Translation:Ma'am, continue through here and then turn to the left.
They translate it that way so you learn the Spanish aqui. You already understand English. Picture yourself lost in a foreign land and every third person speaks a little English. You don't quibble to get where you are going, just say muchas gracias senior or seniora, y buen dia.
OK. I understand that you need to say ' siga' rather than 'sige' because it is an instruction. But 'gire a la izquierda' is also an instruction, in which case why don't we say 'gira a la izquierda'?
I'm still very confused as to when to use an 'e' or an 'a' ending in the polite form...
"Gire" is the third person Subjuctive mood of "girar", which is a totally different can of worms. Spanish has a few different moods in which you change the conjugation. For "girar", the subjuctive conjugations are gire/gires/gire/giremos/giren. The best way to think of subjuctive mood is when you are expressing desires, doubts, and abstracts.
Think of it this way- you have your own will, so i cannot technically make you do anything you don't want to do. So i will use subjuctive tense to make my sentence sound as a suggestion, not a command.
Another example: Yo quiero que tú limpies el baño. Instead of the indicative present "limpias", I'm replacing it with the subjuctive "limpies" because you have a mind of your own and i can't technically make you clean the restroom.
I agree with Linda_from_NJ that "then" seems to match the intent of the Spanish better than "later" even though "later" seems okay.
The way it's used here, luego has the colloquial meaning of "second." It appears in two part statements where you mean "first do this, second do that." There are lots of ways to communicate the same idea in English (just as there are in Spanish) and I think "then" is likely the most common word for the second clause.
In the reverse language tree, you will see comments from Spanish speakers who believe entonces should be used rather than luego. So, even there you have differences of opinion regarding the "best" way to say this.
Por in this context means "through." If you said "follow through here" it would mean something different than "continue through here."
'Through' only makes sense if you're going through somewhere enclosed, though, so unless this is a tunnel or a very narrow street they should accept 'along here' or 'down here'. Incidentally they should also accept 'carry on' as well as 'continue'. We don't all speak with perfect select vocabulary when giving directions. :)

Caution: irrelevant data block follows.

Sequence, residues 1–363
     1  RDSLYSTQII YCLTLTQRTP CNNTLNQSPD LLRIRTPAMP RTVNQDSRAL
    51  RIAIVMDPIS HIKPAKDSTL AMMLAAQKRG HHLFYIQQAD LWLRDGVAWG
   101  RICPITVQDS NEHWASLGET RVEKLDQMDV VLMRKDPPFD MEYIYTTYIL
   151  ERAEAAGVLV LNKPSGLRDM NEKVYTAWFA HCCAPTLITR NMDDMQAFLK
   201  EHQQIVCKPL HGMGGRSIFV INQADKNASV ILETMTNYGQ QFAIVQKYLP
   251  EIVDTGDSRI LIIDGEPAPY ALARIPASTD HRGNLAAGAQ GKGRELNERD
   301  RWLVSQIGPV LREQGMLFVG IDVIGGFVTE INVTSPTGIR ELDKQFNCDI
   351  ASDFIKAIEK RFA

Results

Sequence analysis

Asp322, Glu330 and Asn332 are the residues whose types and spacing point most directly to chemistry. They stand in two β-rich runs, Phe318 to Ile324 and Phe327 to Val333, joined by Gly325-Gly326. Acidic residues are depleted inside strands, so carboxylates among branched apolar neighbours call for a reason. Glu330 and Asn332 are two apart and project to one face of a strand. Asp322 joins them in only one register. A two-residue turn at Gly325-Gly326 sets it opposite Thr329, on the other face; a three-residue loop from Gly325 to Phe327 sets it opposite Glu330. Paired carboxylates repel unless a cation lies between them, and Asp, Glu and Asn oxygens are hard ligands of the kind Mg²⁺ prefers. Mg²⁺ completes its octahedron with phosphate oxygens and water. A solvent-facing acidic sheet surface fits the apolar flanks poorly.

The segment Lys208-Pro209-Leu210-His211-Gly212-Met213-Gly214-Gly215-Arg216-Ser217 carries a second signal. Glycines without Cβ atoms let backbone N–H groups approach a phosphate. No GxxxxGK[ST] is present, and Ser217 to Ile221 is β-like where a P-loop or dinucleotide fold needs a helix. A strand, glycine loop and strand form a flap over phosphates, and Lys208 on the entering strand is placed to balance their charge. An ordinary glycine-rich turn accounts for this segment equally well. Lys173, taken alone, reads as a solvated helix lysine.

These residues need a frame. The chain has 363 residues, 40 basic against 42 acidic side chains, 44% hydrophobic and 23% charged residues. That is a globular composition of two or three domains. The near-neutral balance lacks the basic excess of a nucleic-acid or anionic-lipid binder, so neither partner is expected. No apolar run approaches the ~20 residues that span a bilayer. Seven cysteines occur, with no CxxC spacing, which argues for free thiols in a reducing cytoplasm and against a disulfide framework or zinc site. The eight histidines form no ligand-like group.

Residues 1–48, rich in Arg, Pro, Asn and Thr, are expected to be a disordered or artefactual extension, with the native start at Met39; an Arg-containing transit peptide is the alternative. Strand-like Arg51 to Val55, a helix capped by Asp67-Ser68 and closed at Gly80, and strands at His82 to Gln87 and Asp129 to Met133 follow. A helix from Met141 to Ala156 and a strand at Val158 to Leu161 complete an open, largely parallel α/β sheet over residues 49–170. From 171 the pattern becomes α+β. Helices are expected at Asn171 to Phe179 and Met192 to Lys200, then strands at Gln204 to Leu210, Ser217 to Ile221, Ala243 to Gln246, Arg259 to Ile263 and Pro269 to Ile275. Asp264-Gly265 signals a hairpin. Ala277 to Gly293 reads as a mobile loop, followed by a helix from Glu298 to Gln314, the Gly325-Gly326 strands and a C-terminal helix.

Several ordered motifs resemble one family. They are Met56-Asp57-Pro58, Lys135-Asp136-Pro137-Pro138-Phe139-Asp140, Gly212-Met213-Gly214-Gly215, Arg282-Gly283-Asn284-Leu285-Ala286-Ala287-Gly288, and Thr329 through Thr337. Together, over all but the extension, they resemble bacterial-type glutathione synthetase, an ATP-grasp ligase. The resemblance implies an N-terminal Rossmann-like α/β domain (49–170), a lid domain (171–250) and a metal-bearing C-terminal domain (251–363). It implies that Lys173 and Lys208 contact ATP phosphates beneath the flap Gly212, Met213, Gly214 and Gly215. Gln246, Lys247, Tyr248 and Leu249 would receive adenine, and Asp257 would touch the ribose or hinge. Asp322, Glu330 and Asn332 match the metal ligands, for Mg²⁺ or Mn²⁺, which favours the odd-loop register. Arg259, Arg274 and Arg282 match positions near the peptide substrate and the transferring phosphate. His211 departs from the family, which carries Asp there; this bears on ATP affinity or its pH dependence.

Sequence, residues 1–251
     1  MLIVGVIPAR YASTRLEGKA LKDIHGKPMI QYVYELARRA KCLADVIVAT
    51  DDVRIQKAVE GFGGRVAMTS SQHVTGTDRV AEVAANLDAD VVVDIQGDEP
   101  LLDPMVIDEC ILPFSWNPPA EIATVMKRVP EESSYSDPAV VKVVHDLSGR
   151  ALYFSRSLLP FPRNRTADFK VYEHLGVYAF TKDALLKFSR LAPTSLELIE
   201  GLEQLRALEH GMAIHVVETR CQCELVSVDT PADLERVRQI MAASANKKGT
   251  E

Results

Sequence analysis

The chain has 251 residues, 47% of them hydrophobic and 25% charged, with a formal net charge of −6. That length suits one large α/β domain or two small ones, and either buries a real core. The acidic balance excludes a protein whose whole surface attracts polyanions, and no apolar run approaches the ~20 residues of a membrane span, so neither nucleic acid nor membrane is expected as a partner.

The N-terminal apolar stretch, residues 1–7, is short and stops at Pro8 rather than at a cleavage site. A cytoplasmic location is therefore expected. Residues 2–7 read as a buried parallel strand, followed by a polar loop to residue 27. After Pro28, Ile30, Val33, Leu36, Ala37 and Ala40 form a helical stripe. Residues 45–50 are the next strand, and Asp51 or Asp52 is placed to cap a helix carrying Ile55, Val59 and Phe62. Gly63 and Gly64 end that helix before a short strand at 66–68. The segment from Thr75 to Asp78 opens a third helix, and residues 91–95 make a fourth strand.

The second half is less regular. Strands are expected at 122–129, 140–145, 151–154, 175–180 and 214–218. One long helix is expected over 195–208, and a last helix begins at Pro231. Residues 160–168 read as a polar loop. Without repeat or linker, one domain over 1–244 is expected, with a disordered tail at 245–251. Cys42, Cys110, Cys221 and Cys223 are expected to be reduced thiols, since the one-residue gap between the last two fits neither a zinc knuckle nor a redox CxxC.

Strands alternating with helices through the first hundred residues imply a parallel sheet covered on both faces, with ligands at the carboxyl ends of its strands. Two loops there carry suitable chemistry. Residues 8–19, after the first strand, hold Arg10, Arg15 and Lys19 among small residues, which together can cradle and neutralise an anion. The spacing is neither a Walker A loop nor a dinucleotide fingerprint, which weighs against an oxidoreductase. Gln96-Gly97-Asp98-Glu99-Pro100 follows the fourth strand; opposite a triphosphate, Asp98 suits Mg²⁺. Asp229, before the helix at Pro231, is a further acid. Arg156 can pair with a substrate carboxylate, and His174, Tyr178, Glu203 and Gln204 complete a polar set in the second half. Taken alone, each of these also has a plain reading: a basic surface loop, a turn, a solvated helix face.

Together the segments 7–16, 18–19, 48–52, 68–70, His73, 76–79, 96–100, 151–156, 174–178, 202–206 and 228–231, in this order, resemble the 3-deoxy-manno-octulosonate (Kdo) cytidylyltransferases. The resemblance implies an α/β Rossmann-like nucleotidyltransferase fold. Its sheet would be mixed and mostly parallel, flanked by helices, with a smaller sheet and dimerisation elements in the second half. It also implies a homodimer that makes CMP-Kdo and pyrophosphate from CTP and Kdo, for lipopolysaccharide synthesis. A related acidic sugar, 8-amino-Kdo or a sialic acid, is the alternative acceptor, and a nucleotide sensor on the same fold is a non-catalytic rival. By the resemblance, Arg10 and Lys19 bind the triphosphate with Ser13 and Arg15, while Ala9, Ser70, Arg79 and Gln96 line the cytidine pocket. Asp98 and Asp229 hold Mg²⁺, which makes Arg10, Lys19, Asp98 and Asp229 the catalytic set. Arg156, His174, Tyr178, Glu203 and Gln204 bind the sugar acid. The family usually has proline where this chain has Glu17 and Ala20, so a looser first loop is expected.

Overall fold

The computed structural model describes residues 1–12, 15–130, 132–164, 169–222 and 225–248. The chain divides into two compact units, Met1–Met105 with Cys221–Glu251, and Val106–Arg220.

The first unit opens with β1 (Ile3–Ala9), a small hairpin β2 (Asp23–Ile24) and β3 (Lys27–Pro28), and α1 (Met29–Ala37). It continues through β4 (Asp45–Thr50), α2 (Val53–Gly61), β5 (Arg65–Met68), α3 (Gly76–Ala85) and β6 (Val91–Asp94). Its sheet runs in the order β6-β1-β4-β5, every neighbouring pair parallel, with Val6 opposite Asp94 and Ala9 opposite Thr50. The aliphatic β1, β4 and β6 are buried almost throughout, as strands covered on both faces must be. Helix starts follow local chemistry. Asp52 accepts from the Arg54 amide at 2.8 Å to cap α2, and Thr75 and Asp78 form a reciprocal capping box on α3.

For myself, I have been frustrated by the "little" things in Spanish, like using "the" instead of "a"---until I took this simple English Placement test online http://englishenglish.com/englishtest.htm
I am reminded of how a simple little article, or placement of a word, can change the entire meaning in English. It is a humbling experience, and I will try to be more vigilant in learning Spanish.
It helps if you recognize that Spanish usage of words doesn't exactly parallel English usage of words. The verb seguir usually translates to "follow" and continuar to "continue," but there's more to it than that.
Take a look at all of the entries here at SpanishDict. One definition of seguir (from RAE) is Proseguir o continuar en lo empezado. Clearly, there is some overlap of seguir and continuar, and I think Duo drills can help us understand common (correct) usage.
Por is used for a ROUTE (motion). Vaya por ese camino= Go along that path. Por is used for a CAUSE. Por todo eso= because of all that. QUANTITY OF TIME. Por tres meses= for 3 months. VAGUE TIME. Por la mañana= in the morning. MEANS OF. Por barco, por tren, por teléfono= by boat, by train, by phone. PRICE. Por diez dólares= for 10 dollars. RATE. Diez dólares por hora= $10 per hour. SUBSTITUTION OR CHANGE. Quiero cambiar los fritos por una ensalada= I want to change the fries for a salad.
Para is used for DESTINATION (place, direction). Voy para Quito= I am going to Quito. DESTINATION (people) El café es para ella= the coffee is for her. FINALITY, PURPOSE. Estoy aquí para aprender español.= I am here to study spanish. UTILITY.. Caminar es bueno para la salud= Walking is good for health. TIME (future) Es para mañana= It is for tomorrow.OPINION.. Para mí, este café es el mejor= For me, this is the best coffee. It does take a lot of time and practice to figure out which one to use where, but eventually... hopefully it will get easier.
I tried 3 different translations using the drop down menu, all approximating the same meaning, kept getting my answer wrong, so finally copied and pasted the 'correct' answer, as I couldn't remember the answer they wanted. I love Duo, but sometimes get so frustrated. First time I ever resorted to that tactic.
It's easy to edit writing, but conversational English is rife with redundancy because it's impossible to communicate while parsing your own speech. In this sentence, "here" is acting as a clitic. It doesn't have much meaning, but frequently is heard in spoken English. Besides, in spoken English–or any other language–repetition is actually good, given that most people can usually remember only about 30% of what they hear.